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The Scientist

» virology and ecology

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image: Combating Coronaviruses

Combating Coronaviruses

By | May 29, 2014

Scientists discover a molecule that defeats MERS and other coronaviruses in human cells.

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image: CDC: Meeting Did Not Spread MERS

CDC: Meeting Did Not Spread MERS

By | May 28, 2014

After more definitive blood tests, the US Centers for Disease Control and Prevention says that an Illinois resident who came into close contact with an Indiana MERS patient did not contract the virus, contrary to a prior announcement.

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image: Running Wild

Running Wild

By | May 22, 2014

Mice in nature appear to enjoy running on wheels, helping to settle the question whether the behavior is a just a neurotic response in lab mice.

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image: MERS Crosses State Line

MERS Crosses State Line

By | May 19, 2014

An Illinois man has contracted the Middle East respiratory syndrome coronavirus from the Indiana patient who was recently hospitalized, marking the first confirmed human-to-human transmission of MERS within the U.S.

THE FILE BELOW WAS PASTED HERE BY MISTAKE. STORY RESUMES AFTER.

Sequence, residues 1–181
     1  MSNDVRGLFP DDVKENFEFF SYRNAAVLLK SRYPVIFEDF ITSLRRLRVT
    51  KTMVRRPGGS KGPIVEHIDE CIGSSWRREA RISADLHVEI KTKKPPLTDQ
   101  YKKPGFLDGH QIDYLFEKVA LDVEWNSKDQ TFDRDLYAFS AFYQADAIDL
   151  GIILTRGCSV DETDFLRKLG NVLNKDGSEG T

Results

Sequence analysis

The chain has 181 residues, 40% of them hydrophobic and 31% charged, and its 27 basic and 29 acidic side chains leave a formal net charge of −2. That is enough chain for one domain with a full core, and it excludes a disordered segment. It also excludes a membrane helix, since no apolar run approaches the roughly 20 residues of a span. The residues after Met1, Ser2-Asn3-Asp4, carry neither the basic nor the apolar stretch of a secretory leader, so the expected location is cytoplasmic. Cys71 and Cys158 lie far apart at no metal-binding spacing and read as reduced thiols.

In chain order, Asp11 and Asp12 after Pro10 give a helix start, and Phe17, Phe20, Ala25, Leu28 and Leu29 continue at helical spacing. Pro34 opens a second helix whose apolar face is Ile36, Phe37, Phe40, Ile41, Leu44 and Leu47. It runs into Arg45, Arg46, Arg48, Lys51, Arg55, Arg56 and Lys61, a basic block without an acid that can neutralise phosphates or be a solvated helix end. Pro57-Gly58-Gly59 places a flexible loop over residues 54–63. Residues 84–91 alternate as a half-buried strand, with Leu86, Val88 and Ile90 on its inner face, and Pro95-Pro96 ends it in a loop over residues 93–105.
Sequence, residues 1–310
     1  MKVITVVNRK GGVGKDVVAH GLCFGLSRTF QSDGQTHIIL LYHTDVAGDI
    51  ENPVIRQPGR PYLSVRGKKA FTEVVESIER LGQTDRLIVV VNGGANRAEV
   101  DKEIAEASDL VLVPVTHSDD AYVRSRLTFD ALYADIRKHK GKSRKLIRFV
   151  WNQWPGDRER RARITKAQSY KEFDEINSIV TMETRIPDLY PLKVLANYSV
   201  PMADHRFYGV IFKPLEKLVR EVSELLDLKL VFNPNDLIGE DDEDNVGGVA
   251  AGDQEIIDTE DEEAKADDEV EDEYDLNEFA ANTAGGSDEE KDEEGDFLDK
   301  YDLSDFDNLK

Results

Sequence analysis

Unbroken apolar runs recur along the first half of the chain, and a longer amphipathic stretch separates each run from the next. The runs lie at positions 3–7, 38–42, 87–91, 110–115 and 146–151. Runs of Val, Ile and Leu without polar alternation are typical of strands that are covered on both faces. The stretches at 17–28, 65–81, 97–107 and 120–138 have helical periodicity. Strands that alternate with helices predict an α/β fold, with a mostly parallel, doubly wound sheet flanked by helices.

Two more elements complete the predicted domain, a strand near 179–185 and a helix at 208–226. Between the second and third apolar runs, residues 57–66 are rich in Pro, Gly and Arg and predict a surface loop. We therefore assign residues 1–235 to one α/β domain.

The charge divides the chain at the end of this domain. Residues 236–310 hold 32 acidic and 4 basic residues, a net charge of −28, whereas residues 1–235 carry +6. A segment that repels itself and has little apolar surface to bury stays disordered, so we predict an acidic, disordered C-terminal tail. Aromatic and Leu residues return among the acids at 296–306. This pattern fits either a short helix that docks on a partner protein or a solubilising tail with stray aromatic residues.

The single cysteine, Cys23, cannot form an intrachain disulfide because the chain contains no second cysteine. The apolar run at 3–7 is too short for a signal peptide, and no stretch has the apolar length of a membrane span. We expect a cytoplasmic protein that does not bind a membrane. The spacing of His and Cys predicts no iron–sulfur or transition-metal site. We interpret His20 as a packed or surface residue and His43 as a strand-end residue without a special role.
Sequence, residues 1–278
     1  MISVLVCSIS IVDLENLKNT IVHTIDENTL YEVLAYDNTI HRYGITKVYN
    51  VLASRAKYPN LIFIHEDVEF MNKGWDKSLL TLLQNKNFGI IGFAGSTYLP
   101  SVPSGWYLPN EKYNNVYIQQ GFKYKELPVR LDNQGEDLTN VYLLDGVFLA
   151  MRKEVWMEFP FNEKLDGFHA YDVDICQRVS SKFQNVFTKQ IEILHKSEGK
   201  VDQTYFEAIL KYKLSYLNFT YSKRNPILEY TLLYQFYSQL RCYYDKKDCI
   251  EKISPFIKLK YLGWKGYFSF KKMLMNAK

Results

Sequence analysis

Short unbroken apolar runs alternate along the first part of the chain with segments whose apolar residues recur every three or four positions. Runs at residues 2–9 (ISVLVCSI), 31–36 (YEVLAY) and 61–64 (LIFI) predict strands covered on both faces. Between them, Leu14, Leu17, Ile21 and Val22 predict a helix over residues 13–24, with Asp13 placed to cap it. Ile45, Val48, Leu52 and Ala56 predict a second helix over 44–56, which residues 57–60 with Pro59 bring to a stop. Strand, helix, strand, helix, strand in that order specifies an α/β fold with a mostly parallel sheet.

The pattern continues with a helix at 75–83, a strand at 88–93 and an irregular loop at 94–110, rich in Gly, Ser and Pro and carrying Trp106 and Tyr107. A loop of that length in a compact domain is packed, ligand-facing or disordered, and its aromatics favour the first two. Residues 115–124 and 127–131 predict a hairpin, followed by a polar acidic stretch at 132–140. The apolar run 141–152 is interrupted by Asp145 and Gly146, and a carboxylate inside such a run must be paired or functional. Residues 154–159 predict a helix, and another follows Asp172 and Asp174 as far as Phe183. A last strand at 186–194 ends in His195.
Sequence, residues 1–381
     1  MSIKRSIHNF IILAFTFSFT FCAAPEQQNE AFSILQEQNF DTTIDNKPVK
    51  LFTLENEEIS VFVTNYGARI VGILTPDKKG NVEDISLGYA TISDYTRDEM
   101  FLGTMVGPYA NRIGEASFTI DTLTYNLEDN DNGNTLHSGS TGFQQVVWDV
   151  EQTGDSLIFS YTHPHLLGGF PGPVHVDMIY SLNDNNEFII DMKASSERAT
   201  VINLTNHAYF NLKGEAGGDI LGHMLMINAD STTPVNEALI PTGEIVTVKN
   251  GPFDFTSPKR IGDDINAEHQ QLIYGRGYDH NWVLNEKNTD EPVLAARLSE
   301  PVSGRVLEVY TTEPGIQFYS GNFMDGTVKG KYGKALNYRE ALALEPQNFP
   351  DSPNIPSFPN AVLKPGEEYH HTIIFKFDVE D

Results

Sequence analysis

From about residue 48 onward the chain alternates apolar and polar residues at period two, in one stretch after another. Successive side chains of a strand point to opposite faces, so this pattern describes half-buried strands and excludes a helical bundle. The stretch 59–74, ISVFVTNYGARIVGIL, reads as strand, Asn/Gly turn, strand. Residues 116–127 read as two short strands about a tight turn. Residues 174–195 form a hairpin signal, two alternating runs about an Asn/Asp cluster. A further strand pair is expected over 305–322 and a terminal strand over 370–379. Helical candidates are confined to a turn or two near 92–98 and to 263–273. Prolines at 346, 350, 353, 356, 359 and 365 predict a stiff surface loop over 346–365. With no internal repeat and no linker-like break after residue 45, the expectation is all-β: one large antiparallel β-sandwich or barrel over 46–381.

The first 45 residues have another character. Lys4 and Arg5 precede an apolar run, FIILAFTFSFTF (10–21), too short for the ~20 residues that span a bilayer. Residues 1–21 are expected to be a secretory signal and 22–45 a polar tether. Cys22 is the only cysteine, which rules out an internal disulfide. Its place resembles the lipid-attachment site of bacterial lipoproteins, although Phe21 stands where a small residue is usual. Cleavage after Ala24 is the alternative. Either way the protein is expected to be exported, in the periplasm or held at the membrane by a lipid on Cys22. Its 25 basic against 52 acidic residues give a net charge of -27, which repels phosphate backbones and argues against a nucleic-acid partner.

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image: Rock Snot Explained

Rock Snot Explained

By | May 8, 2014

An increasingly common algal growth, found in rivers the world over, is caused by changing environmental conditions, not accidental introductions.

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image: Finch-Powered Fumigation

Finch-Powered Fumigation

By | May 7, 2014

Darwin’s finches use pesticide-treated cotton to line their nests and unwittingly protect themselves against parasitic fly larvae.

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image: Capsule Reviews

Capsule Reviews

By | May 1, 2014

Madness and Memory, Promoting the Planck Club, The Carnivore Way, and The Tale of the Dueling Neurosurgeons

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image: Long-Distance Call

Long-Distance Call

By | May 1, 2014

Neurons may use interferon signals transmitted over great distances to fend off viral infection.

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image: A Wilder Europe

A Wilder Europe

By | May 1, 2014

An organization hopes to restore natural ecological processes by reintroducing large herbivores to the continent.

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image: Where the Wild Things Were

Where the Wild Things Were

By | May 1, 2014

Conservationists are reintroducing large animals to areas they once roamed, providing ecologists with the chance to assess whether such “rewilding” efforts can restore lost ecosystems.

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